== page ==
The Sunday Post (Dundee)

A catastroph­e in plain sight: Investigat­ors fear hundreds of traffickin­g victims freed in Scotland are only tip of an iceberg

Internatio­nal gangsters behind human traffickin­g ring in

- By Craig Mcdonald cmcdonald@sundaypost.com

One person trafficked into slavery was discovered every day on average in Scotland during the pandemic, investigat­ors have revealed.

Almost 400 victims were duped or coerced to move here last year, with most then coerced into prostituti­on, forced labour or modern slavery.

Investigat­ors say 387 trafficked people were found in Scotland in 2020, more than double that reported five years ago and up four fold on the 99 cases in 2013, when records began.

Campaigner­s say it is now a human rights crisis “in plain sight” and fear the numbers, which only represent those officially referred for help, are the tip of the iceberg. One politician, who has found evidence of multiple traffickin­g cases in his area, said victims can now be found in every town and city in the country.

Police have scored major successes against internatio­nal traffickin­g gangs, with one Slovakian gang sentenced to a total of 36 years in prison for bringing women to Scotland to be sold into sexual slavery or sham marriages. Today, we reveal a Romanian gang have also been sentenced in their homeland after traffickin­g women into prostituti­on in Scotland.

But it comes amid a rise in cases tracked by the UK National Referral Mechanism, which identifies and supports potential victims of traffickin­g, slavery and forced labour.

Potential victims can be referred by groups including government agencies, such as UK Visas and Immigratio­n Enforcemen­t, local authoritie­s and police, and can then be moved to safety.

Countries that feature highly in the Scottish statistics include European nations such as Romania, Slovakia, Albania and Poland, and Asian countries such as Vietnam, China, India and Pakistan.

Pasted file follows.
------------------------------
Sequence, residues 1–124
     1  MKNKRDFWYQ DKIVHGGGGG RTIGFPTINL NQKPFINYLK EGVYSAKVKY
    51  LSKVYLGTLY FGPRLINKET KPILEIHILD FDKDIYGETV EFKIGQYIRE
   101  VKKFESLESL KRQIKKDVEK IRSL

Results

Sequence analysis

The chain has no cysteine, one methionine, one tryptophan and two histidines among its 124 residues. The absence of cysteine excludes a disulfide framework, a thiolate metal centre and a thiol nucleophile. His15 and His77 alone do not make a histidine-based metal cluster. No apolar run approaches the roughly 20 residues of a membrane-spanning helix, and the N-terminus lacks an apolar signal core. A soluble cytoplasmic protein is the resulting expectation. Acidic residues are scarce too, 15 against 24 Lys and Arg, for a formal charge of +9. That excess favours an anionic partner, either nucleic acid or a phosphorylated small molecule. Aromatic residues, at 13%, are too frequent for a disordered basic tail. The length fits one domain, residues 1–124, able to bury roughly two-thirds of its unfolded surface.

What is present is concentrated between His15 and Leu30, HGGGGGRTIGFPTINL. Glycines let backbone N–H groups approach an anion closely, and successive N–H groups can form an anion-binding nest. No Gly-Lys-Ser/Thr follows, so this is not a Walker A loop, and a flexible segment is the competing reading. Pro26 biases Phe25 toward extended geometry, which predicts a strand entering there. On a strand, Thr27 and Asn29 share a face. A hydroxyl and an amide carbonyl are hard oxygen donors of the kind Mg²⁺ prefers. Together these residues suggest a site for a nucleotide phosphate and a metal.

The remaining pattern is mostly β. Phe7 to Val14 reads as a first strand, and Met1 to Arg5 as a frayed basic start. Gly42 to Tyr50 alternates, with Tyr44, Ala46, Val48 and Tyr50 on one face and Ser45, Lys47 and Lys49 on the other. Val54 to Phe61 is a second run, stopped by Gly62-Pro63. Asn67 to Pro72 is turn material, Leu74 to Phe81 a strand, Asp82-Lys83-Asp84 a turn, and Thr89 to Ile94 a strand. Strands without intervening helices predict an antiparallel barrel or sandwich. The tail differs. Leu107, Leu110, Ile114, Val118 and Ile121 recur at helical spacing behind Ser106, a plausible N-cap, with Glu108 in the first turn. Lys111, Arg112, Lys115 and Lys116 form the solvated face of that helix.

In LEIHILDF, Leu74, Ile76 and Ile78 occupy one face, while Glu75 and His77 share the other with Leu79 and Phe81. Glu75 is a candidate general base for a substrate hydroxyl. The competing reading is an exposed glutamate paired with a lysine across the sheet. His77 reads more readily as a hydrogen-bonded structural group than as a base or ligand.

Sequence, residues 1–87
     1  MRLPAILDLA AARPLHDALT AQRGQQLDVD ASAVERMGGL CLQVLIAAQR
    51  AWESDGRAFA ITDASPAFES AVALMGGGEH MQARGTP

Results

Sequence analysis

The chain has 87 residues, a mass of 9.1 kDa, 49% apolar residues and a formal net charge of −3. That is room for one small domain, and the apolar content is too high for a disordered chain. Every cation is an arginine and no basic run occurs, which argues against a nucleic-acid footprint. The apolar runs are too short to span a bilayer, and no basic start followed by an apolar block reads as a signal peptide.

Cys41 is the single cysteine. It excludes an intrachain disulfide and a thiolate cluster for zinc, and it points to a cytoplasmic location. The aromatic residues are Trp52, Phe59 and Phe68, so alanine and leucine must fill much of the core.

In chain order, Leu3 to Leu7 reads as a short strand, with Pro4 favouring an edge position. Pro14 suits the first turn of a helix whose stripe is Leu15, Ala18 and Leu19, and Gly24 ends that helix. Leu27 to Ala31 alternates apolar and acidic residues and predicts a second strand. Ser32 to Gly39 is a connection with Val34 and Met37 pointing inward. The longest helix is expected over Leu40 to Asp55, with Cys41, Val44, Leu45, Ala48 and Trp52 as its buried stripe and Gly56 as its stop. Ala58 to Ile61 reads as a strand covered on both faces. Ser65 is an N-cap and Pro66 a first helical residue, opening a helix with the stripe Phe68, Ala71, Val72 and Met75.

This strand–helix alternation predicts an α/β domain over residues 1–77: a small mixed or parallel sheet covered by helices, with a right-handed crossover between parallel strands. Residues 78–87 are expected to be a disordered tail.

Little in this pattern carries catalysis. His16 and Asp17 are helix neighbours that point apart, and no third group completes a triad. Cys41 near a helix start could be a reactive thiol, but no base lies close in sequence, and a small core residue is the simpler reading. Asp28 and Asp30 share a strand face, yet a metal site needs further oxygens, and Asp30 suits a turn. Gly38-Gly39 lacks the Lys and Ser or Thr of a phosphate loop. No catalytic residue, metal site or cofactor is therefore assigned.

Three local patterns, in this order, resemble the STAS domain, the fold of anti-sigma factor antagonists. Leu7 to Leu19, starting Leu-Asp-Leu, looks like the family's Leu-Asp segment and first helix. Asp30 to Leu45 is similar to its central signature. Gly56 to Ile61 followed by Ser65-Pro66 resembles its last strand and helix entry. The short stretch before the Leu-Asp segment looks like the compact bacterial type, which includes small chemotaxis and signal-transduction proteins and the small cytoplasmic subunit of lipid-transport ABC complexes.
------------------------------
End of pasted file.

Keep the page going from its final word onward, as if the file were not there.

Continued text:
Colin Jackson, a campaignin­g Labour councillor in Inverclyde, said: “If anyone had asked me two years ago about human traffickin­g, I would have said it is a problem confined to the biggest cities. Now, on the evidence I’ve seen and discussion­s I’ve had, I would say these gangs are present in every town and local authority in Scotland.

“I received informatio­n just over a year ago identifyin­g a house in Port Glasgow where two young Vietnamese woman were being held, with compelling evidence they were traffickin­g victims forced to work as prostitute­s. About the same time, less than 50 yards away, police discovered an alleged major cannabis farm within a disused bingo hall and two Vietnamese men were charged.

“I have received informatio­n separately regarding young men said to have escaped from a house in the area, with one found wandering the streets late at night and taken to safety. I learned he had spent four years being trafficked through China and Europe and somehow found himself in Greenock. There were scars on his body, evidence of beatings.

“There is clear evidence these gangs are operating in small towns like mine and to think there are houses within our communitie­s where traffickin­g victims are being held is horrendous. Much more requires to be done to tackle this.”

His fears are confirmed by Scottish government research released in January showing victims of traffickin­g had

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